On Friday, November 27, 2015, Her Royal Highness Princess Beatrix of the Netherlands opened the exhibition, Spaanse Meesters uit de Hermitage: De Wereld van El Greco, Ribera, Zurbarán, Velázquez, Murillo & Goya (Spanish Masters from the Hermitage: The World of El Greco, Ribera, Zurbarán, Velázquez, Murillo & Goya), at the Hermitage Amsterdam in Amsterdam.
The exhibition displays over sixty paintings including The Apostles Peter and Paul by El Greco, Velázquez’s Portrait of the Count Duke of Olivares, Murillo’s Immaculate Conception, and Goya’s Portrait of the Actress Antonia Zárate.
According to a press release the exhibition tells the story of the rise and glory of Spanish art in the Golden Age which began in the late sixteenth century:
“…and flourished throughout the seventeenth century, coinciding with the Dutch Golden Age. While the Netherlands was revolting against Spanish rule, Spain was developing its own artistic signature. Philip II, an absolute monarch in a society dominated by the Catholic Church, commissioned the construction of El Escorial in 1563. The enormous palace and monastery complex near Madrid was decorated by great Spanish and Italian masters. Spain’s unimaginable wealth, amassed largely during the country’s period of colonial gold fever – Spain called itself ‘the Empire on which the sun never sets’ – brought painters abundant commissions for the king, churches and private collectors. Spanish art flourished.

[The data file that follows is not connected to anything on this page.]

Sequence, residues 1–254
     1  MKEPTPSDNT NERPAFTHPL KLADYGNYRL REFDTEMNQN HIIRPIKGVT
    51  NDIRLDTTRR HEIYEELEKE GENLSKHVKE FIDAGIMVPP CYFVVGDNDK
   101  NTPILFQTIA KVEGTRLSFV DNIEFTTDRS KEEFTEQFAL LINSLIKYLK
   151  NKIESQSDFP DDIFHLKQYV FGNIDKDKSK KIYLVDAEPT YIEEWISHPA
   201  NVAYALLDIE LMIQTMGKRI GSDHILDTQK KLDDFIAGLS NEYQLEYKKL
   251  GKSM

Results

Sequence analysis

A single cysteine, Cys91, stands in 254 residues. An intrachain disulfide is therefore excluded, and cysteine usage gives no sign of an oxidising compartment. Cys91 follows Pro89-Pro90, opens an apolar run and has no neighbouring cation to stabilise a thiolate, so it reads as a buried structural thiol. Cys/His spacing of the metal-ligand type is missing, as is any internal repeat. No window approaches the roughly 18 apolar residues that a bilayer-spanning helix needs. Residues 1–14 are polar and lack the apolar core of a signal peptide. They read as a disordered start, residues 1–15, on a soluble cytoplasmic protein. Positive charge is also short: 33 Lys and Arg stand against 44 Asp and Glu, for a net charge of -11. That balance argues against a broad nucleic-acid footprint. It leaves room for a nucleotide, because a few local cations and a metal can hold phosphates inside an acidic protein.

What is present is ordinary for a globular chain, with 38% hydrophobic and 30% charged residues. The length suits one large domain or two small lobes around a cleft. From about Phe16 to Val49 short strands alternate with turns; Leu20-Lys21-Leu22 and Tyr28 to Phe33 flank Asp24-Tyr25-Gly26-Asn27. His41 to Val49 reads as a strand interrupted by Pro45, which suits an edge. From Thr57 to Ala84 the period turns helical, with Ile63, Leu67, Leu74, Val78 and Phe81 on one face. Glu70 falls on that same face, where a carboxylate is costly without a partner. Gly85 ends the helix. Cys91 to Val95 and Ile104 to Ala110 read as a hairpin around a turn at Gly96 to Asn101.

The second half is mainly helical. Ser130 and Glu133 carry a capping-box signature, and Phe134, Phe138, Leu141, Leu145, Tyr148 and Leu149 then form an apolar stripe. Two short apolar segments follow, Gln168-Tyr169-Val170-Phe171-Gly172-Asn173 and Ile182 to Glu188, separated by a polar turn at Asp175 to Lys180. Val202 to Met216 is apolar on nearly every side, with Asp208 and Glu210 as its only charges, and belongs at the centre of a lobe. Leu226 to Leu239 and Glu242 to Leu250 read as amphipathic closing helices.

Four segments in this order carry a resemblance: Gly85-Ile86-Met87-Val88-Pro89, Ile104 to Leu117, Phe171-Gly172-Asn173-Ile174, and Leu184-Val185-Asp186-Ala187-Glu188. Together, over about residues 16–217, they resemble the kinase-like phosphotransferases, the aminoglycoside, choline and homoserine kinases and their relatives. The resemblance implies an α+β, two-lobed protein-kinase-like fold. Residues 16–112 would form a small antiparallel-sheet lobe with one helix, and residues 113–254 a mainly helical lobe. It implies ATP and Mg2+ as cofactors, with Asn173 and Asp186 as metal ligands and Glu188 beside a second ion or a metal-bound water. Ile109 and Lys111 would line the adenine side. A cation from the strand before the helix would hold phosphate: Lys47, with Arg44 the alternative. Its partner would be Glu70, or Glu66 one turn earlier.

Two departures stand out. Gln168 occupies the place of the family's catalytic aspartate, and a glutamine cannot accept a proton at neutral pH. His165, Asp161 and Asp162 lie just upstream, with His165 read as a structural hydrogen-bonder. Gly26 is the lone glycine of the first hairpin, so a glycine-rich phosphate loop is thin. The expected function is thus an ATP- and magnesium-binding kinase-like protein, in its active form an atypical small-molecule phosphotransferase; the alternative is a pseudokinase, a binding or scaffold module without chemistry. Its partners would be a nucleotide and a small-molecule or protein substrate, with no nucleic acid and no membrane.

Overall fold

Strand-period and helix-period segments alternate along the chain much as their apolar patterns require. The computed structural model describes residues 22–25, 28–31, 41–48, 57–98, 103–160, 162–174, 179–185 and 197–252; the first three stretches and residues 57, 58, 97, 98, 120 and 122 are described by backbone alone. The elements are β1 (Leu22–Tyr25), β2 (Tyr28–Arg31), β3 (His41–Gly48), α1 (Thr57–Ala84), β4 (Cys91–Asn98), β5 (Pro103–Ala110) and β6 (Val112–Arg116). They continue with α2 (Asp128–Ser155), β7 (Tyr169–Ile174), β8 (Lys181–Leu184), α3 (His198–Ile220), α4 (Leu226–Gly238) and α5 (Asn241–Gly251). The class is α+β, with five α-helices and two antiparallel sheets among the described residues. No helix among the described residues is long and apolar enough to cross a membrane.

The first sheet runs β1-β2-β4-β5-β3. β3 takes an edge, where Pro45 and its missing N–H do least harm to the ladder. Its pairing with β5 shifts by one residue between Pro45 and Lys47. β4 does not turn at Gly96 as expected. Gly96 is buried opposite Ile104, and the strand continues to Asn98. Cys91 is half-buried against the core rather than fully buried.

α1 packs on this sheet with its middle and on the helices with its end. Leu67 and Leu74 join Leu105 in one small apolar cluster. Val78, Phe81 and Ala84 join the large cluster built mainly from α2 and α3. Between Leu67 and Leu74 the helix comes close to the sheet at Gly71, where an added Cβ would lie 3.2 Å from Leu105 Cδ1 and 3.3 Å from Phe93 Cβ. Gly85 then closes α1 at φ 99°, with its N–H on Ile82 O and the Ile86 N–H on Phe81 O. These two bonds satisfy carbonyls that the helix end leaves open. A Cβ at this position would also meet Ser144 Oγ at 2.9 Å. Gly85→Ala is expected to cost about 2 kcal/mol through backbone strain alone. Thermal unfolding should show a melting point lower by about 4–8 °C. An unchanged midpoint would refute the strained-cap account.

The works of the great Spanish painters are exceptional for their exquisite convergence of the spiritual and the theatrical. Influenced by the Italians, painters like El Greco, Ribera and Zurbarán developed a singular Spanish style marked by strong contrasts of light and dark. Their works exude the temperament and pride of the Iberian Peninsula. Murillo and in particular Velázquez, a trendsetter, added their own signature to that style and reached new heights. Goya, an equally awe-inspiring talent, followed in their footsteps with his confrontational realism. Goya is also famous for his penetrating graphic cycles and a number of his dramatic etchings are featured in the exhibition, including pieces from Los Desastres de la Guerra, depicting the horrors of the Napoleonic occupation of Spain. The artists of the nineteenth and twentieth centuries continued the tradition, rendering the strong contrasts in society in works that reflect both the sun-drenched Spanish culture and the dark sides of history…”
Spaanse Meesters uit de Hermitage: De Wereld van El Greco, Ribera, Zurbarán, Velázquez, Murillo & Goya will be open to the public beginning on November 28, 2015 – May 29, 2016 at the Hermitage Amsterdam.
Photo courtesy of RVD/HKH